by Felicia Wetzig
In Portage County, Ohio, the issues of slavery and the role of Blacks were no less heated than in the rest of the country. Differing views could tear apart families and churches, riots were not uncommon. Generally, the people of Portage County were opposed to slavery, and their active involvement in the underground railroad serves as evidence of this. But, even among those who upheld the belief that Blacks should be free were torn about the place that Blacks should fill within society. In Portage County, some blacks like Henry and Rebecca Brantley were able to find the freedom and happiness they were looking for, while others like Frederick Loudin left Portage County because of the discrimination that he faced here.
A towering granite monument stands in Ravenna, Ohio, dedicated to the struggles of Henry and Rebecca Brantley. “Emancipation” is carved on the front, decorated a sculpture of an extended hand breaking free from a manacle. The rest of the inscription reads:
“Henry and Rebecca Brantley. Henry was born in May 1825 and died April 15, 1888. Rebecca, his wife, was born in August 1833 and died October 26, 1880. They were born slaves near Clarksville, Montgomery County, Tennessee and married at Springfield Missouri. Fugitives from bondage, they came to Ravenna August 28, 1862, where they lived honest and industrious lives.”
Although the Brantleys were born into slavery in Tennessee, they were allowed to marry. After their owner’s death, the two were separated and sold, living apart for nearly a decade before they were reunited. With the help of Union Army Captain Seaton. The Brantleys relocated, to Seaton’s hometown of Ravenna, Ohio. Henry became a handyman and cared for the livestock of Portage County Judge C. A. Reed. Rebecca became a domestic servant.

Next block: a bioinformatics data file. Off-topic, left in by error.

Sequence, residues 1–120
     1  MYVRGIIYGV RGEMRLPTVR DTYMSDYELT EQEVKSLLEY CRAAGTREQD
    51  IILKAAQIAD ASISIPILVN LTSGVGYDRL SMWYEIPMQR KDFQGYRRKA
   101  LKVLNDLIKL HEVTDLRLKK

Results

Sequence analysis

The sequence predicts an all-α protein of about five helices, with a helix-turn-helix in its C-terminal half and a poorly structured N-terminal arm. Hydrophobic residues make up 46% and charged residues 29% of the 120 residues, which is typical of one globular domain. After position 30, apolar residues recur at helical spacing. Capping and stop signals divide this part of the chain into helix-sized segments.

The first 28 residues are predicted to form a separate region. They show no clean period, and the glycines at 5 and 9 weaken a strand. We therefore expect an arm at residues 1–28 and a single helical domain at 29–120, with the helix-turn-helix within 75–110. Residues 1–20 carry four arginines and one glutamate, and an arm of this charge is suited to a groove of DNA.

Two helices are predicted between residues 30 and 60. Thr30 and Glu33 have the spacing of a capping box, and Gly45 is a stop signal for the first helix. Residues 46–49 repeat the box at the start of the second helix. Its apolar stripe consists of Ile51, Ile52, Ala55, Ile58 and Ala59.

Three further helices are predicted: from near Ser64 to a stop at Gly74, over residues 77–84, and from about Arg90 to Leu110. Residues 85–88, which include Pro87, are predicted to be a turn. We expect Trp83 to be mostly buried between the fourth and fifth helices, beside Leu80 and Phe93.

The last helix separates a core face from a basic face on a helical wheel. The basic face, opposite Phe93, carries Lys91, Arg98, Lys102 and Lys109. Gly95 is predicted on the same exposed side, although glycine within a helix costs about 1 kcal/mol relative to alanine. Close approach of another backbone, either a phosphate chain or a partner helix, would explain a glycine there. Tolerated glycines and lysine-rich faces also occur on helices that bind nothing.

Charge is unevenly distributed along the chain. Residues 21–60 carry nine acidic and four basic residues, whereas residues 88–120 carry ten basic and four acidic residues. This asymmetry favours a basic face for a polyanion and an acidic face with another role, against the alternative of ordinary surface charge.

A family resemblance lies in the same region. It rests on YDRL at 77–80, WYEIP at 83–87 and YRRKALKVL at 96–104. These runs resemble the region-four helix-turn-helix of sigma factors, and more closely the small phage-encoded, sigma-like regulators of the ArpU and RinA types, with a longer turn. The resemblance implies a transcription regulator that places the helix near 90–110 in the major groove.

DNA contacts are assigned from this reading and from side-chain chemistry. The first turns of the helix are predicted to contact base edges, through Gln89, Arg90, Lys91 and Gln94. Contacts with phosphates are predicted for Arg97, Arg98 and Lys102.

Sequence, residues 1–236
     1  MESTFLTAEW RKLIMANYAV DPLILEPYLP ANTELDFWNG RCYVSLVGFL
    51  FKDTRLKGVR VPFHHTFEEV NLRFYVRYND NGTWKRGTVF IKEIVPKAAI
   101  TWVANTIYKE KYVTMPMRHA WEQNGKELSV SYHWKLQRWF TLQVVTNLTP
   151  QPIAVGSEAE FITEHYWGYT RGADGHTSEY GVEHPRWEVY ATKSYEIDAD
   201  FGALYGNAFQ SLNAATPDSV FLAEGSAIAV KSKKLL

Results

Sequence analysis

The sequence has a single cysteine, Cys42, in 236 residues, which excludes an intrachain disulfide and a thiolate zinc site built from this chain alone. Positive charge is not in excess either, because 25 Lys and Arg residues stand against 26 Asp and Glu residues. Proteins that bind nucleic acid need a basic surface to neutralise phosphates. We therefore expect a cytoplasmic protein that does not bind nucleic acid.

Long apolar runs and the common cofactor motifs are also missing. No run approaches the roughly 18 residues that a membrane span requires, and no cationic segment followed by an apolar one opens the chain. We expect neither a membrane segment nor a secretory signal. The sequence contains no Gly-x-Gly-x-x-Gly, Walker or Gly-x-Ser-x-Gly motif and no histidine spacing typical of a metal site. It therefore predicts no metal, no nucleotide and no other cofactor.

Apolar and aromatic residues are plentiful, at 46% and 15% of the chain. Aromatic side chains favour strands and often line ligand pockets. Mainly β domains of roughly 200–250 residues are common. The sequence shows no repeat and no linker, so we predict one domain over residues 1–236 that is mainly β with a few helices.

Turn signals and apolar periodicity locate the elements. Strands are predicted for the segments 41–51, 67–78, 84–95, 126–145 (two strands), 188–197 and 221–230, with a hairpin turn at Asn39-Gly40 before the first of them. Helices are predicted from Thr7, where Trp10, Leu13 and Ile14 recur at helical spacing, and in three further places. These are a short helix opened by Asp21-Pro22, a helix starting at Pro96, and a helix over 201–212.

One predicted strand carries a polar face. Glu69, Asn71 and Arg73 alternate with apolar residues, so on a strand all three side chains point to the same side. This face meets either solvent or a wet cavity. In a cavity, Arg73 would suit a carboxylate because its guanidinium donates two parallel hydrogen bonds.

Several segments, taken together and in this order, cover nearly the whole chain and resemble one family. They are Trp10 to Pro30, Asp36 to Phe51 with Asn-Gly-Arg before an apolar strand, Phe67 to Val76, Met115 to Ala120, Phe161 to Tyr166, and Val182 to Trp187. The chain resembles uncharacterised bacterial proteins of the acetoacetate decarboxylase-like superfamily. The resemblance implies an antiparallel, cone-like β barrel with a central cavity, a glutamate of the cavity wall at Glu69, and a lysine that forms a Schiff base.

The actual origin of the Brantley monument is in question. Some say money saved by the couple was used to erect it; others say the Ravenna residents liked them so much they donated the money. However, the caliber of the monument makes it unlikely that the Brantleys could have saved enough to have it built, and the racist tension in Portage County makes it unlikely that all of the town’s people would have donated the money.
Frederick J. Loudin
Frederick J. Loudin was born to free parents in the late 1830s. His family moved to Ravenna in hopes that their children would be able to attend a quality school, however, they continued to experience racism. Once Loudin graduated from school, he applied to Hiram College, where his father donated money, but the school refused to admit him because of his race.
|More about Portage County and the Civil War
Though discouraged, Loudin then began training as a printer, but no newspaper would hire him. For a while, he worked for an abolitionist newspaper, and was eventually offered a position in the literary department. But, he turned it down because he did not agree with the views of the paper’s editor.
At 20 years old, Loudin moved to Pittsburgh to get away from the discrimination he experienced in Portage County. There, he married Harriet Johnson, and four years later, just after the Civil War’s end, they moved to Memphis, Tenn. In Memphis, Loudin learned the organ and began teaching a choir, something he was unable to do at the United Methodist Church in Ravenna. At this time, he learned of the Fisk University Jubilee Singers and wrote to their leader George White. White came to hear Loudin sing and invited him to join the choir. Together, White and Loudin, spent the next few years with the troupe touring Europe.